The University of Saskatchewan’s main campus is situated on Treaty 6 Territory and the Homeland of the Métis.

Urban-only ridings good for Saskatchewan democracy

By in Opinions

Urban Ridings

Since the last census in 2001, Saskatchewan’s population has increased by more than five per cent, with most of that growth in its two largest cities. Saskatoon alone grew by nearly 13 per cent.

This significant population change and concentration makes a recent federal commission report all the more timely.

Recommending three urban-only ridings for Saskatoon and two for Regina, the Federal Electoral Boundaries Commission for the Province of Saskatchewan’s report is an important step toward what many urban Saskatchewan residents — especially the students who tend to cluster in the university and downtown areas — have long desired.

Breaking these ridings up will allow better representation of urban and rural concerns in Parliament. And as the commission itself found, “Saskatchewan’s four fastest-growing electoral districts over the past decade were all of the mixed urban-rural variety.”

Urban voters in Saskatchewan are likely to share more with other urban voters than with the rural population in their province. While the lure of regionalism is strong, urbanization has historically proven more attractive, and there is no reason to think this does not apply to voting.

Rural voters likewise deserve Members of Parliament devoted to their concerns. While urban voters likely don’t want a politician representing them to take up agriculture or resource development as a pet cause, rural voters probably do. The proposed change to Saskatchewan ridings will allow both urban and rural voters to have their concerns taken up with dedicated focus.

There is a widespread belief among non-Conservative voters in Saskatoon that the only thing standing between us and three or four NDP MPs is the fact that each urban riding is actually a mix of urban and rural voters. This may not be true — even in Saskatoon, every election sees a fair number of blue Conservative signs alongside the orange NDP and the smattering of Green Party signs.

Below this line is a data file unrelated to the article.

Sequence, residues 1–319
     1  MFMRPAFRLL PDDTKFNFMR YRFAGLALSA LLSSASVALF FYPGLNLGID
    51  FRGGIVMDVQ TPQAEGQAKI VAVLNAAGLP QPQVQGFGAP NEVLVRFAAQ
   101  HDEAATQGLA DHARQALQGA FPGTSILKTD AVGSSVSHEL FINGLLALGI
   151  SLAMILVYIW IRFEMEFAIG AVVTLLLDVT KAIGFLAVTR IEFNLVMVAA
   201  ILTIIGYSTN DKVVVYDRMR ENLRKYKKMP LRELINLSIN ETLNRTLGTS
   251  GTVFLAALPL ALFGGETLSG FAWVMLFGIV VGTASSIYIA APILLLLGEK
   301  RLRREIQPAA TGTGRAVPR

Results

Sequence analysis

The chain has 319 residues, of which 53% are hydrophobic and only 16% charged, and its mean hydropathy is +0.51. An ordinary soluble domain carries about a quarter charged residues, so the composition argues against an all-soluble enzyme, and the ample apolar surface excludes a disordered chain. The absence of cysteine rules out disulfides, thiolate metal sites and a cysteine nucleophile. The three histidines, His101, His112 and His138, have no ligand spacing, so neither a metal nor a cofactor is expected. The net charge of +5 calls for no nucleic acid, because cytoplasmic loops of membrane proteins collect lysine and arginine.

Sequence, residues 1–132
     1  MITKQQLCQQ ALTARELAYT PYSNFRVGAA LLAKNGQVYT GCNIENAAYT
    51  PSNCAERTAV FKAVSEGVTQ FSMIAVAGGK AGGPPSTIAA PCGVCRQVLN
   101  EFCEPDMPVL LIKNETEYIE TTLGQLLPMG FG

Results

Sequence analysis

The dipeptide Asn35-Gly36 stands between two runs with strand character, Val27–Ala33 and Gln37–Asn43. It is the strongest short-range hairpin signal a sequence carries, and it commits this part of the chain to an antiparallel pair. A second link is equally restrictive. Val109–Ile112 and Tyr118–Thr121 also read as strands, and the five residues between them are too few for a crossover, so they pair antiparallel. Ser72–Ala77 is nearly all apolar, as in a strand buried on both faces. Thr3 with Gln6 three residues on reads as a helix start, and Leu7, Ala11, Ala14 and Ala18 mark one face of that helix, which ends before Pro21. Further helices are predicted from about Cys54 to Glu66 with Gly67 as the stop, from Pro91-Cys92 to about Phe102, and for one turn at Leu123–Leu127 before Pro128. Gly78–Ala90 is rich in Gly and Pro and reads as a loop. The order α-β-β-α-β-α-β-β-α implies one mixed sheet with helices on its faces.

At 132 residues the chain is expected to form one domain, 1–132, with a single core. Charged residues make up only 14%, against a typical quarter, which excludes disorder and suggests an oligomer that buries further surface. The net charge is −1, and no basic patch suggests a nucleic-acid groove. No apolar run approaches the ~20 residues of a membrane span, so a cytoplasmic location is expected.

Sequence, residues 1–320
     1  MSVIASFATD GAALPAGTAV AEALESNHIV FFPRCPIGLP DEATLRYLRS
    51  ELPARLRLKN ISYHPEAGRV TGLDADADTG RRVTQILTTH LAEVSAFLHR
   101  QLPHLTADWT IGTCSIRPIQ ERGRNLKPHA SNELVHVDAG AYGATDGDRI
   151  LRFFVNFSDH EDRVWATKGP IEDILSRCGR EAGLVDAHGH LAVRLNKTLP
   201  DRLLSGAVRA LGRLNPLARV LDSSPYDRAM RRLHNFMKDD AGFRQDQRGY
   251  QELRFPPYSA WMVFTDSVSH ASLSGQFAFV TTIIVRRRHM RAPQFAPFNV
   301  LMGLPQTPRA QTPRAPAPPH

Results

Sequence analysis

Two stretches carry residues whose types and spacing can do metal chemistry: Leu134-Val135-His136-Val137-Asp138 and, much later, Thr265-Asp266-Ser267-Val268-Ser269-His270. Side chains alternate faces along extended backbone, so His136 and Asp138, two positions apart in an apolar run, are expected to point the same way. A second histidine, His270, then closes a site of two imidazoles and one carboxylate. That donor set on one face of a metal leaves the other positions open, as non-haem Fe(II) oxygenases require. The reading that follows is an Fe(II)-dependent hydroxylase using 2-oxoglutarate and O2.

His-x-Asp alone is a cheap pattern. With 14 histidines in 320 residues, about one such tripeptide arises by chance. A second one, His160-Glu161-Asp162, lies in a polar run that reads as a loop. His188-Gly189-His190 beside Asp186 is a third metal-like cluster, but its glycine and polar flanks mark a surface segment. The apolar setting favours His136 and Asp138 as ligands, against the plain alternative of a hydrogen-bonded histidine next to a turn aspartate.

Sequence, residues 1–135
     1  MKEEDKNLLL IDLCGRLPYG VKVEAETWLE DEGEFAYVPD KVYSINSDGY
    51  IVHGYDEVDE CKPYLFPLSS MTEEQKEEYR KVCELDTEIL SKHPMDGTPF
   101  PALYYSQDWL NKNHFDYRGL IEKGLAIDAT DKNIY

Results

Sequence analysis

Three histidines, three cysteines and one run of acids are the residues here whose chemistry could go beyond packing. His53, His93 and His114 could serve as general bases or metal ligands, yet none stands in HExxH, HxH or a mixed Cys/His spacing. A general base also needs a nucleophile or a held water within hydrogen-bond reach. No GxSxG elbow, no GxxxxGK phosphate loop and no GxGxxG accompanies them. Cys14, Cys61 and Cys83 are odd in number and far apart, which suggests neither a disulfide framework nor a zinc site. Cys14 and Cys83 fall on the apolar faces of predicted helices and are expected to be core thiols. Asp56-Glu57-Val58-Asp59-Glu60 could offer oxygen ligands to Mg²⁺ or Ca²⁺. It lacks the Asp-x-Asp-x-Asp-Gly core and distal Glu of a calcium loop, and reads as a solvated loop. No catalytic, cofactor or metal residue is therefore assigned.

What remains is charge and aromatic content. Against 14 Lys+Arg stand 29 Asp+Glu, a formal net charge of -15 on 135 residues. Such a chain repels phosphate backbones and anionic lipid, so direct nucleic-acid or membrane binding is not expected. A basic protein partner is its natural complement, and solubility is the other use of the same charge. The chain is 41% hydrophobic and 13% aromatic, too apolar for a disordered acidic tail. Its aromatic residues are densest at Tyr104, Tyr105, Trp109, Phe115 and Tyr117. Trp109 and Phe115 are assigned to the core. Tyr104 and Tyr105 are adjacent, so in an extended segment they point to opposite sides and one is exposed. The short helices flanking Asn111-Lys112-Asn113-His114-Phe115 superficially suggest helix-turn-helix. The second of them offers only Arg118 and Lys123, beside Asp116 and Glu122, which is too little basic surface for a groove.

But even in Edmonton, long considered a lock for the Conservatives, an NDP MP was elected in 2011. More urban ridings in the prairies means that it will be less likely the Conservative Party will win all of them, and even if they do, it will probably not be by the ludicrously wide margins they are accustomed to now. It will also be a reflection of urban voters’ wishes.

Dividing Saskatoon and Regina into urban ridings will help to break down the myth that the prairies are a solid three-province block of blue. That myth is especially strange given Saskatchewan’s status as the birthplace and political home of Canada’s best-known socialist, Tommy Douglas, and as an early stronghold of the Co-operative Commonwealth Federation, better known as the CCF. Saskatchewan has deep roots in Canada’s rich socialist tradition, and it is disappointing to see electoral boundaries enabling the Conservatives to effectively erase that history.

The report of the electoral boundaries commission is important and its recommendation, if made into policy, should have some very exciting implications for Saskatchewan in the next federal election.


Map: Samantha Braun/The Sheaf

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